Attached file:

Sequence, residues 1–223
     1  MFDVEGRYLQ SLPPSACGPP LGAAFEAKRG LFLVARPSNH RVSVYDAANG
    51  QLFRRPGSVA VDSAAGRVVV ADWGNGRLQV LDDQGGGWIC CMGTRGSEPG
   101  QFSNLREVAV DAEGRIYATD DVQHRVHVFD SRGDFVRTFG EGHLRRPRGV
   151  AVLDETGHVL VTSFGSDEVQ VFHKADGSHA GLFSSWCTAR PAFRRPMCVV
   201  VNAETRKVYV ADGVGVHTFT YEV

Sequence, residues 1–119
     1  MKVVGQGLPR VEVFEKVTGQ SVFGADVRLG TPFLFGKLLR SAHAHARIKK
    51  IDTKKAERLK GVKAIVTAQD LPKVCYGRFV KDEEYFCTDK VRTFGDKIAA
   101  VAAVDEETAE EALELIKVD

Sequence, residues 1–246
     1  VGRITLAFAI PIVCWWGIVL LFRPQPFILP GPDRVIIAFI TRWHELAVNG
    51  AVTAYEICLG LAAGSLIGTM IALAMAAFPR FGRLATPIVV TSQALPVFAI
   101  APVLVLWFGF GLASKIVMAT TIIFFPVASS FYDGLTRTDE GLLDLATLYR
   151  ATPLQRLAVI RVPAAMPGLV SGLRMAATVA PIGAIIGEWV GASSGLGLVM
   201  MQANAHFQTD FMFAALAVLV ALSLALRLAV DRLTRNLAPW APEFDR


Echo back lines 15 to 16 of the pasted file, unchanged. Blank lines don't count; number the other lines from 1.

   151  ATPLQRLAVI RVPAAMPGLV SGLRMAATVA PIGAIIGEWV GASSGLGLVM
   201  MQANAHFQTD FMFAALAVLV ALSLALRLAV DRLTRNLAPW APEFDR